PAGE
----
When 'I do' Means 'I don't anymore'
With divorce on the rise in Japan, some couples are choosing to celebrate the end of an unhappy marriage by saying “I do“ for a final time at a divorce ceremony before friends and family.
Divorce ceremonies were pioneered about a year ago by a former salesman, Hiroki Terai, who set up a “divorce mansion“ in a small undercover space in Tokyo.
Since then about 25 couples have each paid 55,000 yen ($600) to hold a ceremony with all the pomp and grandeur of a wedding that publicly ends their relationship before they officially file for divorce.Terai said he had received more than 900 inquiries.
此后，有25 对夫妻来此举办了离婚典礼，典礼的隆重程度不亚于婚礼。在正式申请离婚前，这些夫妻每人愿意花费5.5 万日元（600 美元）在正式申请离婚前公开结束婚姻关系。据寺井介绍，至今他已收到900 多人的询问。
The latest couple, who called themselves Mr and Mrs Fujii, met near Sensoji Temple in Tokyo’s traditional Asakusa area on Sunday and rode in separate rickshaws to the divorce mansion. “By putting an end to our marriage, we wanted to give ourselves fresh starts and give our lives a sense of renewal,“said Mr Fujii, a 33-year-old businessman.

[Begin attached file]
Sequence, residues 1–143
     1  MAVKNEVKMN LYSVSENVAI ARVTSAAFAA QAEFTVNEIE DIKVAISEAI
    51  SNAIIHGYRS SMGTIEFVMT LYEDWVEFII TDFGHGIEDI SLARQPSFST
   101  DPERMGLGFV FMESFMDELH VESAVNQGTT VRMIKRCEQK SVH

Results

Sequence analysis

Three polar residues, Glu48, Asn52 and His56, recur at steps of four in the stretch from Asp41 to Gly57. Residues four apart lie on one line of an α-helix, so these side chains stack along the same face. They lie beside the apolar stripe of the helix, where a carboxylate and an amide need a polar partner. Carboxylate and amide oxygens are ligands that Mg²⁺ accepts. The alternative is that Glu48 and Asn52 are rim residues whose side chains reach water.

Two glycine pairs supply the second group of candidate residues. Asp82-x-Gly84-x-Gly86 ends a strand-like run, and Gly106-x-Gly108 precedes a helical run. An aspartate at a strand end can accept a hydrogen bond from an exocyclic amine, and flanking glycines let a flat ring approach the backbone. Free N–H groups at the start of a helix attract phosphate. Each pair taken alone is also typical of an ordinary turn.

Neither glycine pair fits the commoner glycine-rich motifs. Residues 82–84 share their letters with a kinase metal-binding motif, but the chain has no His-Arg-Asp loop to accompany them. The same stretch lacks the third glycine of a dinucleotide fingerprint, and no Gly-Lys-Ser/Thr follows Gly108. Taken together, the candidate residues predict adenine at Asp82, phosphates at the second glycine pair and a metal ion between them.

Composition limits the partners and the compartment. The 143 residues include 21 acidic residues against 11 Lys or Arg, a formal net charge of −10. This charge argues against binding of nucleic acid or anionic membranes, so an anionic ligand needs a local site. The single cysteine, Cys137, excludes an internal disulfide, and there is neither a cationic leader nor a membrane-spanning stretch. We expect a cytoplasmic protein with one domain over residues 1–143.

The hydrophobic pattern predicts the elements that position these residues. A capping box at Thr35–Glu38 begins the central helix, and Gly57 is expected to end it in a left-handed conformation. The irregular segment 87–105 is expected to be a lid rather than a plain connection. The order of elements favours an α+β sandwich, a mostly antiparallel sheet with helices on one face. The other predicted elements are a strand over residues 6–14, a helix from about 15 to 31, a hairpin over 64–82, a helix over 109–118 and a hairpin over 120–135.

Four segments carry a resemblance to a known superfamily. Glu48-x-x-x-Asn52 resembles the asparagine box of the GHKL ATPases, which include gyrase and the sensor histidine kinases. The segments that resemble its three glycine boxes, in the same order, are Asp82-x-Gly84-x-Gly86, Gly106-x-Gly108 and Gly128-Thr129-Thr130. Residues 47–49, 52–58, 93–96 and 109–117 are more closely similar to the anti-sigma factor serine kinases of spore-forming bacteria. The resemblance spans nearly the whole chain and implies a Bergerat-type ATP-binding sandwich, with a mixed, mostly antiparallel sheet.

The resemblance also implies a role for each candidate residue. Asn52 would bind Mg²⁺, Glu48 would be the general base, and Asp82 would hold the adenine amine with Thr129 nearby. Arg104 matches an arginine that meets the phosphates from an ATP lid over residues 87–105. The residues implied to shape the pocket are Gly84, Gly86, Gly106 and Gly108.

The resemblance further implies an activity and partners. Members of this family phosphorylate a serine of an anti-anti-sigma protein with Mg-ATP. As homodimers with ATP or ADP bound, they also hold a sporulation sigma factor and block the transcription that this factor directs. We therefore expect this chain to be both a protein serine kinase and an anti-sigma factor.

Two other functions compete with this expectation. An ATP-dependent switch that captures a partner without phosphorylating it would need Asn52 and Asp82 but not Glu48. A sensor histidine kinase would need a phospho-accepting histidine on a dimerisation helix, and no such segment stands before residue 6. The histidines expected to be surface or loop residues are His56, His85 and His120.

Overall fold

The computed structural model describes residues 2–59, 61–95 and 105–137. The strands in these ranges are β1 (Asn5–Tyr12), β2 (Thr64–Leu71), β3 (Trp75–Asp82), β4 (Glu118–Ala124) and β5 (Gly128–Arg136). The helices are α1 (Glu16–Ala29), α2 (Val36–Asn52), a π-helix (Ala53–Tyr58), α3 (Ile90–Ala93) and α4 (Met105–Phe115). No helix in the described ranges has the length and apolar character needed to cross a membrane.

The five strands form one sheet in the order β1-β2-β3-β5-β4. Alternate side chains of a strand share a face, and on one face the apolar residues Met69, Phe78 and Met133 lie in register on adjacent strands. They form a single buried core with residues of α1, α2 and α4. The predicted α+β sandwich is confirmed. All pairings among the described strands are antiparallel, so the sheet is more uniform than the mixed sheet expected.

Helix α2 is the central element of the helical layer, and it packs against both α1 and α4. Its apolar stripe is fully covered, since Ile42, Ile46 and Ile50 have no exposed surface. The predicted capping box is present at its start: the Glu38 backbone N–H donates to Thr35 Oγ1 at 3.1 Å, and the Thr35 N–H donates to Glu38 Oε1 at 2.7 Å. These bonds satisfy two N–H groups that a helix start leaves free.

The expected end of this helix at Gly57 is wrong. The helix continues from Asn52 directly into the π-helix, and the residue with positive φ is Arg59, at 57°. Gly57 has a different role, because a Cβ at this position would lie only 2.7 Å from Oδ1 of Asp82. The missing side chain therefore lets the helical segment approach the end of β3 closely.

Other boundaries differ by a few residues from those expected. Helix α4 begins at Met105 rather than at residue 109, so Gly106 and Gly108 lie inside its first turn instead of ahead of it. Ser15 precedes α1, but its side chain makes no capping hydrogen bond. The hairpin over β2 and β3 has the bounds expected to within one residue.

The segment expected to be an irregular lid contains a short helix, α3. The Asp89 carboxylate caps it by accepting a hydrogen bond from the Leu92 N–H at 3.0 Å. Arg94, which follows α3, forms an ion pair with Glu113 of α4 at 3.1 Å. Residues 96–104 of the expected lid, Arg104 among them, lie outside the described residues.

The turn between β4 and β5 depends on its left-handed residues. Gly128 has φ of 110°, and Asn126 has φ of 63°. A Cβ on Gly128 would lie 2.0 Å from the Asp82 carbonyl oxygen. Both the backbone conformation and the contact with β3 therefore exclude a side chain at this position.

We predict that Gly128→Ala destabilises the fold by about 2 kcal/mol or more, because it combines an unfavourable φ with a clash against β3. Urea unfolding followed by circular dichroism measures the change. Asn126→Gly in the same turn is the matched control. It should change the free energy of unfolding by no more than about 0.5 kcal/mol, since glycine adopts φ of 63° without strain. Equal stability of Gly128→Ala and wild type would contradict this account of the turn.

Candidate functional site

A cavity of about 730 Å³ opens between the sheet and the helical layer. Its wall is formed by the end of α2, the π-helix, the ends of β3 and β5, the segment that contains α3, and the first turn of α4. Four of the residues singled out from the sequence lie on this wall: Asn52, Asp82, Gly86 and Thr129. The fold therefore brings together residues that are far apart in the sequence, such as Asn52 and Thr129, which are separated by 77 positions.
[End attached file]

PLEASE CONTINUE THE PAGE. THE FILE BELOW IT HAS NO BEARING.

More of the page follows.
Friends and family of the Fujii couple followed closely behind the rickshaws on foot, arriving at the divorce mansion for a ceremony where the Fujiis smashed their wedding ring with a gavel, a gesture signifying the end of their partnership.
The gavel has a frog’s head as frogs symbolize change in Japanese culture.
“When we smashed the ring together, I felt like‘Oh, this is the end of it, really’and my heart and soul felt renewed. Now I feel I can have a new life and start all over again,“ said Mr Fujii. His wife of eight years also expressed relief.
“The moment I saw the smashed ring, I said to myself‘, Yes! That feels so good’,“ Mrs Fujii said.
Divorce is on the rise in Japan, where it was once taboo, with about 251,000 divorces taking place in 2008, partly blamed on the poor economy.
离婚在日本曾是禁忌，如今日本的离婚率却不断攀升。2008 年日本约有25.1 万对夫妇离婚。经济不景气要对婚姻的破裂负一定责任。(En8848)